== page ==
"We are the major trauma center, a regional transplant center and a leading research/teaching facility for all of Central Mass," said Maker. "Our nurses work with the most complex cases, with experimental, cutting-edge drugs and procedures. We have the most sophisticated and demanding practice in the region and we deserve to be paid on a par with nurses in the state who provide the same level of care. Why? Because we are losing nurses every day to major teaching hospitals in Boston who pay their nurses a fair salary for their experience."

If you compare the University Campus nurses’ salaries to those in facilities of comparable complexity, the nurses are dramatically underpaid when compared to Brigham & Women’s Hospital and New England Medical Center. The hospital’s proposal would place the University Campus nurses 10% below the salaries of nurses in comparable facilities.

The salary issue takes on added significance when nurses compare their working conditions with those of better staffed facilities. University Campus staffing levels are among the worst in the area, and are well below those of teaching hospitals in Boston.

"We are in the midst of a nursing shortage, driven by low salaries and poor staffing conditions. We will never provide the level of care our patients expect unless and until we guarantee their nurses the conditions they need to want to work in this high stress environment," Maker said.

Below is a summary of each of the key issues in dispute:

Unsafe Staffing Conditions
"Our staffing ratios are not just inadequate, they are patently dangerous in some cases," said Maker.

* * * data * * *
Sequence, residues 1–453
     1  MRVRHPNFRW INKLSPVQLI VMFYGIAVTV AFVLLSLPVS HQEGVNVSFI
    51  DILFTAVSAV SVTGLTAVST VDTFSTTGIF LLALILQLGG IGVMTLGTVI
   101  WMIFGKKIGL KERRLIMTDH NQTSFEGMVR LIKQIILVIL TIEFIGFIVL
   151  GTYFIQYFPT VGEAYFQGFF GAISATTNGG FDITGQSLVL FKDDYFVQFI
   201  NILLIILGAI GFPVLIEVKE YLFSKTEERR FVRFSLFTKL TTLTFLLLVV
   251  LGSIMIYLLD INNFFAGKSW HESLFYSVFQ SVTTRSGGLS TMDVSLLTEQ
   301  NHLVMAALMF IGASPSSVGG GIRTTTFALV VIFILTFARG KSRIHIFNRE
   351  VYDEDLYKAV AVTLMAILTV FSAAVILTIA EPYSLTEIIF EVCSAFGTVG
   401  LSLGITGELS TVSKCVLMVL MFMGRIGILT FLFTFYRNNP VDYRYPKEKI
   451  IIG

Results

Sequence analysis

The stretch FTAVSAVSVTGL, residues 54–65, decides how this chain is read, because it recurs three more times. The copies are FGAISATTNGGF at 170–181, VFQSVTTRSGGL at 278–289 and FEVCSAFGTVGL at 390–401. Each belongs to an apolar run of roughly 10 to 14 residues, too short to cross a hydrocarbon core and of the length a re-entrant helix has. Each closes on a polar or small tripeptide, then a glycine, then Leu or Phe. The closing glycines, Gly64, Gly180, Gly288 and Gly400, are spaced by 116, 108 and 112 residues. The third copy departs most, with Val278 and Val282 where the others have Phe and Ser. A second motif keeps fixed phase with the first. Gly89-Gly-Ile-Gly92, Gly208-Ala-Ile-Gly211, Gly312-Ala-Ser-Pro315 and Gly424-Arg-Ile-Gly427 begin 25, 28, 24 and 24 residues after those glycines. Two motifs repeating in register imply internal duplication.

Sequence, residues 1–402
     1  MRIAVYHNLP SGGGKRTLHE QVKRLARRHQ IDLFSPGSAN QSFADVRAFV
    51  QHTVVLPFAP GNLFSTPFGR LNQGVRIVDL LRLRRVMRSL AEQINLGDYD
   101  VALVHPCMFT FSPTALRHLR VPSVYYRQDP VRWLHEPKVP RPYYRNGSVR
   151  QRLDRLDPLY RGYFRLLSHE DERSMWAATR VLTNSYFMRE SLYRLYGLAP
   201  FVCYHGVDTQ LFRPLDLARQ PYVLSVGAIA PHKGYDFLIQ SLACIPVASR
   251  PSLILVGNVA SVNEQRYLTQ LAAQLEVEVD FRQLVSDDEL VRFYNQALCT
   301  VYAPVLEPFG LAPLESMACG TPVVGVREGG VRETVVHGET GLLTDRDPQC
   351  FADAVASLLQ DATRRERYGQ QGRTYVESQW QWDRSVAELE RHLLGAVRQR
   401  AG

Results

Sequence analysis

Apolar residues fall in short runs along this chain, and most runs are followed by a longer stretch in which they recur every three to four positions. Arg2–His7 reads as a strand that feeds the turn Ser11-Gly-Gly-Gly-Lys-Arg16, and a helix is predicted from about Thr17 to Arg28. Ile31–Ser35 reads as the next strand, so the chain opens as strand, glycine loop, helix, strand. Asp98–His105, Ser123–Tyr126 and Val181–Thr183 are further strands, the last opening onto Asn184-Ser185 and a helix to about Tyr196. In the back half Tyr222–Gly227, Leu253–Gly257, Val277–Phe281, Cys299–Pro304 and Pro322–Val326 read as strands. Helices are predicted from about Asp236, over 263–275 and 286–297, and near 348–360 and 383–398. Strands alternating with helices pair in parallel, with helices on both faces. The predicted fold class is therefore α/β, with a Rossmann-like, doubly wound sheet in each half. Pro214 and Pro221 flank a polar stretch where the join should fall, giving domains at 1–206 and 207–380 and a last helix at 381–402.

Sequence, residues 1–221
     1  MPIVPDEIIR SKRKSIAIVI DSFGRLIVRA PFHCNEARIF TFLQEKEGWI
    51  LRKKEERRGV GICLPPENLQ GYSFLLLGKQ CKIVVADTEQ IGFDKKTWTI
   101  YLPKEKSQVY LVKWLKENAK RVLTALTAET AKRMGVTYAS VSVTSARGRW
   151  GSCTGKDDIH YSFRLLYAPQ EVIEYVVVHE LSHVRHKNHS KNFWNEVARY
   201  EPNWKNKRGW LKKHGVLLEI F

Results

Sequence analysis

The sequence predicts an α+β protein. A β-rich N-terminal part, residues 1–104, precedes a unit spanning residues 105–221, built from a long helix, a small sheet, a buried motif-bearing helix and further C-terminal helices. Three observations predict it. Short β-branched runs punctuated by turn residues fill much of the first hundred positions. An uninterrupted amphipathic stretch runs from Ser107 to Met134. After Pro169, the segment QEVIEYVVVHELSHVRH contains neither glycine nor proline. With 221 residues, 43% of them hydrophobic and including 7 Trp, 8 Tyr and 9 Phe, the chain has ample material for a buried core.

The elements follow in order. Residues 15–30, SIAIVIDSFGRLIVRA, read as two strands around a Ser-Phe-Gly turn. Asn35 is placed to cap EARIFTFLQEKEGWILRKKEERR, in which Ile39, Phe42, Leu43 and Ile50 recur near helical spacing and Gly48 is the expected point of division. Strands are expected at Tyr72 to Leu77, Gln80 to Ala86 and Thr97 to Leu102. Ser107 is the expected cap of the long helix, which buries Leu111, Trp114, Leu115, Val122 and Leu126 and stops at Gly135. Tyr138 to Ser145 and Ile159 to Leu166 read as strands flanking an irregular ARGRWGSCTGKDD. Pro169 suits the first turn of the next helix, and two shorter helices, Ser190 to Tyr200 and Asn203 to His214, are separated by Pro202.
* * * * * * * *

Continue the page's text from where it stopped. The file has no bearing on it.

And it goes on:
"Nurses on some floors are regularly assigned 6 and 7 patients per nurse, and sometime as many as 11 patients, this on a floor with severely ill trauma, neurological and surgical patients requiring constant monitoring and oversight from their nurses," said Sally Charest, RN. According to a recent study published in the Journal of the American Medical Association, these ratios are life threatening. The study found that for every patient over 4 that is assigned to a nurse there is a 7% increase in mortality of those patients. The risk of death and complications for a patient being cared for by a nurse with 7 patients is 21% higher; for a patient whose nurse has 11 patients, it is 49% higher.

While staffing conditions have been a problem at the facility for a number of years, they have worsened following changes made by the Hunter Group to consolidate floors and to cut resources and staff that provided support to the nurses.